Sandy Adams instructs an intermediate class of music students outside Goleta Presbyterian Church. | Credit: Jun Starkey

South Coast Youth Band, an after-school music program, has kicked off its first season to give Santa Barbara students the opportunity to keep playing music through the COVID-19 pandemic.

The program was created by longtime music teachers Nancy Mathison and Sandy Adams and funded mostly through grants from the Santa Barbara Education Foundation. Mathison was a teacher at BRAVO! in the Santa Barbara School District for eight years, and Adams has worked in the Goleta School District as a music specialist since 2016. 

South Coast Youth Band is open to all 4th-6th grade students, in any school from Goleta to Carpinteria, and offers beginner and advanced/intermediate classes. Students are provided with their own instruments to take home, and options include the flute, clarinet, drums, saxophone, trumpet, and trombone. Social distancing is observed with all classes held outdoors, students are not allowed to share instruments, and special masks are provided with small flaps that wearers can open when playing. The program currently has more than 40 students, mostly made up of beginners. Along with receiving basic lessons, practicing simple melodies, and learning to read written notes, students amuse and challenge themselves with games like musical chairs. 

South Coast Youth Band currently has six teachers, including Stephen Hughes, a music instructor at La Colina Junior High School for the last eight years. Hughes said Adams and Mathison approached him about joining the group in December 2021, and he saw it as an opportunity to help students. “It’s been really difficult, especially for elementary schools,” Hughes said. Vaccination for students between the ages of 5 and 11 were not approved until late last year, leaving few options for young musical students.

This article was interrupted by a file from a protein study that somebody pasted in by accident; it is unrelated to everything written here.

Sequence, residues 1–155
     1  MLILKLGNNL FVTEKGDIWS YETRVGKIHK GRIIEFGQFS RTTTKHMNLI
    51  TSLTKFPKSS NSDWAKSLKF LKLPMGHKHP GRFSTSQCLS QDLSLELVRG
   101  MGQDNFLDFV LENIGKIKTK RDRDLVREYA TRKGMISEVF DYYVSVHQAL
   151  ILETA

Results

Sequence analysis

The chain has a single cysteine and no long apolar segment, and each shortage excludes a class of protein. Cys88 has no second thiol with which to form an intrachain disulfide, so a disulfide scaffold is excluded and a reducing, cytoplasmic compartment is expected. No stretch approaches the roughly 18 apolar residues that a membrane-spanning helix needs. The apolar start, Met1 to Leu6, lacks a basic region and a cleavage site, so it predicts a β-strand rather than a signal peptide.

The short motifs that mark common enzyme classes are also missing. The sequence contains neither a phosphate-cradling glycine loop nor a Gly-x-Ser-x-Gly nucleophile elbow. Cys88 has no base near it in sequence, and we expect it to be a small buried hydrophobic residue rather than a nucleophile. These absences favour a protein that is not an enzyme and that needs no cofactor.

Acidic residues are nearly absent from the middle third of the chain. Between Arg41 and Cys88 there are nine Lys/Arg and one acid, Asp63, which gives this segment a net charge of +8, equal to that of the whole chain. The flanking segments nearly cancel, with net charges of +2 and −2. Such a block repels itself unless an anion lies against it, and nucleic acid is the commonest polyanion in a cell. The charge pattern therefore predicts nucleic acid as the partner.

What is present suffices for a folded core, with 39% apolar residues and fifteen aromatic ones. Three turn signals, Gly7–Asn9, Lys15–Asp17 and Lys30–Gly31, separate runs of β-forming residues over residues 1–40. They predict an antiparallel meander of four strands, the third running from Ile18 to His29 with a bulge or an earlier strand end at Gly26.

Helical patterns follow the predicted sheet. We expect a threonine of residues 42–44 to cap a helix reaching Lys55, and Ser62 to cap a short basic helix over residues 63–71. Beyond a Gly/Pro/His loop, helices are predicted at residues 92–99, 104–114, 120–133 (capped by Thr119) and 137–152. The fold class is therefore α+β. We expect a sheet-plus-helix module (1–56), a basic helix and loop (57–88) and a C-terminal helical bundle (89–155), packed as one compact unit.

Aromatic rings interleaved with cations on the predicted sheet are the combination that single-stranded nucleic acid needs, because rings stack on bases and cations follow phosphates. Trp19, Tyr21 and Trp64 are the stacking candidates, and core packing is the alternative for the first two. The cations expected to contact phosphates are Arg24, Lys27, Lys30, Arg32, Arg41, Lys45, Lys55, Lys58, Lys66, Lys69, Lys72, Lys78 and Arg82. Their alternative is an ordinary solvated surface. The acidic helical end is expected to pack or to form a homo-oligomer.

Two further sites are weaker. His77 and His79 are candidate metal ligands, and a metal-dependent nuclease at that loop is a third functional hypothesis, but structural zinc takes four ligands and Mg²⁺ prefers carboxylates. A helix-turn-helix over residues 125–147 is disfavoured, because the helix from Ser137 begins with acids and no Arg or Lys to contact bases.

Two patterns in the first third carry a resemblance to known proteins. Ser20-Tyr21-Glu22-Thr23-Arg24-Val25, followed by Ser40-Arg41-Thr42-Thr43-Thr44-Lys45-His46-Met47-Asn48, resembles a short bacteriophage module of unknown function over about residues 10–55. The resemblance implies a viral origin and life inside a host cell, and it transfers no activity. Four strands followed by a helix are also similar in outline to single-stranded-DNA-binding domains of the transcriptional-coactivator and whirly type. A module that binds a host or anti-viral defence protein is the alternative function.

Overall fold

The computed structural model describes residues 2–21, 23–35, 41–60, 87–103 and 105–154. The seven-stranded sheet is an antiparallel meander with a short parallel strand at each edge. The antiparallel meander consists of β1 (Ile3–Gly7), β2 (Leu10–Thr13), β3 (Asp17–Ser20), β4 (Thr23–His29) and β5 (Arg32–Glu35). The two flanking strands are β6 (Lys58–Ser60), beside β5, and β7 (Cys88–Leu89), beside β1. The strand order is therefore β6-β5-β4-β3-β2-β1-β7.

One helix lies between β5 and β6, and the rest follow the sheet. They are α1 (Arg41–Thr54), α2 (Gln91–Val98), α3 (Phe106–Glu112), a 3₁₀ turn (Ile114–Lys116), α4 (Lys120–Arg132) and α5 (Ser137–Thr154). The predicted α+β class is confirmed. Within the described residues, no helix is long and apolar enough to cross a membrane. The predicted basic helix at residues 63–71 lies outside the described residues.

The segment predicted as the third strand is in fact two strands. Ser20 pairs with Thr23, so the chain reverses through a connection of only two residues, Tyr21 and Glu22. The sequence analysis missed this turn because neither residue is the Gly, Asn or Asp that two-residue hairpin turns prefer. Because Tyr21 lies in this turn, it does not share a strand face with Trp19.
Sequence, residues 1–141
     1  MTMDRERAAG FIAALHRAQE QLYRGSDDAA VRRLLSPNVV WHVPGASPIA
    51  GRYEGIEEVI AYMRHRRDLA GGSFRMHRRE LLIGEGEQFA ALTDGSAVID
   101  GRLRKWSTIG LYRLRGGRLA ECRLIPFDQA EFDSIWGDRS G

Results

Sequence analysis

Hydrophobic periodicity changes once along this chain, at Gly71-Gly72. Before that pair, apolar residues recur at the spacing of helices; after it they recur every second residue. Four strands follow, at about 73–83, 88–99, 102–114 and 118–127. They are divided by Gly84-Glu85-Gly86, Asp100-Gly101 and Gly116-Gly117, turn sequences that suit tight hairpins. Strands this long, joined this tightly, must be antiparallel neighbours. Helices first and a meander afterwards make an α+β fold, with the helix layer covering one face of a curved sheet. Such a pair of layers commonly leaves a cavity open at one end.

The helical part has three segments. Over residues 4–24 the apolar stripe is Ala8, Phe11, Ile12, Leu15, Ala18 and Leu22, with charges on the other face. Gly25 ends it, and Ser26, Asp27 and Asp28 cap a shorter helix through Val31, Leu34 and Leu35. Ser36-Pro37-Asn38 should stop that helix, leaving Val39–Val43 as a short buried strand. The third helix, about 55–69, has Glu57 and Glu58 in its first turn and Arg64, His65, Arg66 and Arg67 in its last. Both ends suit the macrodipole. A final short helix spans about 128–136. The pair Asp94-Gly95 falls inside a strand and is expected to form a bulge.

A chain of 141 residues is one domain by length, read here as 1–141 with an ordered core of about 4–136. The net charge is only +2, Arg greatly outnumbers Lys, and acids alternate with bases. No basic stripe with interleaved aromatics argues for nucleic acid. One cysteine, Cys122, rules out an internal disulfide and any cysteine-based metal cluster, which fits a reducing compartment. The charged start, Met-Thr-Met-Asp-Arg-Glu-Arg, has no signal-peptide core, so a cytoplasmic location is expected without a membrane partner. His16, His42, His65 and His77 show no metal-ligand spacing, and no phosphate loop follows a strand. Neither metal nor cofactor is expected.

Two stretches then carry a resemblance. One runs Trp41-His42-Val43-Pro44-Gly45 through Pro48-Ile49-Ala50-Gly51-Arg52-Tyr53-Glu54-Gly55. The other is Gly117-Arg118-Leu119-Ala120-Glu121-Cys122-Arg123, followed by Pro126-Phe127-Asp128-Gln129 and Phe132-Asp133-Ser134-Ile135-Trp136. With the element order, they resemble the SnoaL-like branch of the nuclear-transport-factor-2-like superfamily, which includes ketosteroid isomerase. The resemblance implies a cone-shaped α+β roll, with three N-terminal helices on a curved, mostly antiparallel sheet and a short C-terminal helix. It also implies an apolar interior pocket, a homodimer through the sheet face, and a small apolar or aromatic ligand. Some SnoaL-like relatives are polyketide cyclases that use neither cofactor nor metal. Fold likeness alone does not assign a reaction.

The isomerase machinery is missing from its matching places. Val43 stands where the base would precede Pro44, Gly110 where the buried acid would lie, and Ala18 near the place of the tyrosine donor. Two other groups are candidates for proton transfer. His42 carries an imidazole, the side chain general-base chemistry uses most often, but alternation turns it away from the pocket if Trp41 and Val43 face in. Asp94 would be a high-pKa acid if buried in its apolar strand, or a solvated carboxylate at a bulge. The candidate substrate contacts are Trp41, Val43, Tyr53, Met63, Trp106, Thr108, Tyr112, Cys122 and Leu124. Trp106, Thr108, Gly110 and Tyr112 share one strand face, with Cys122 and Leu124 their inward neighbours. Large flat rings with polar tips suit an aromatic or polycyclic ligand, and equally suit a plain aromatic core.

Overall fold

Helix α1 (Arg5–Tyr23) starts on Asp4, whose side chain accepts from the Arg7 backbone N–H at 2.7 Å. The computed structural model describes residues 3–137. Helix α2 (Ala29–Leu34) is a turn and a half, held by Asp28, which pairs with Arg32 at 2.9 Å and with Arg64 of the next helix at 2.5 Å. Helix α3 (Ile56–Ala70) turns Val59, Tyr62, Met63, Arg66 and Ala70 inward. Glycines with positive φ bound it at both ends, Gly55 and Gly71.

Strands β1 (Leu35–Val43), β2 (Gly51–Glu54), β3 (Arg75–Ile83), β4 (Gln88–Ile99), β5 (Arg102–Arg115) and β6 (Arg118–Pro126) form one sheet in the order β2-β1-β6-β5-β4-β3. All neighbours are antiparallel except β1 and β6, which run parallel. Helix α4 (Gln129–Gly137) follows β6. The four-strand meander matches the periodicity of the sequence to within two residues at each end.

The program was an idea Adams and Mathison had even before the COVID-19 pandemic, initially designed to unite students from across Santa Barbara County and create a larger group to learn and play together. After the pandemic began and Goleta schools no longer offered any band lessons for students, Adams and Mathison officially formed the group and began accepting students this January. “The real catalyst was that students don’t have any opportunities to play, even now,” Adams said. A full session of five months, including instruments, is $100 per student, though scholarships are available for a discounted rate of $50 per student.

A South Coast Youth Band concert is planned for mid-May, and Mathison said the program has the capacity to accommodate at least 100 students. “Programs like these could all shut down if nothing is done,” she said, going on that musical education has great benefits on young minds, building confidence and giving them a chance to develop a true passion. Hughes said music programs like South Coast Youth Band are vital to providing the group settings that younger musicians thrive in. “I love helping students discover things about music,” he said. “They’re just so thrilled to be playing.”


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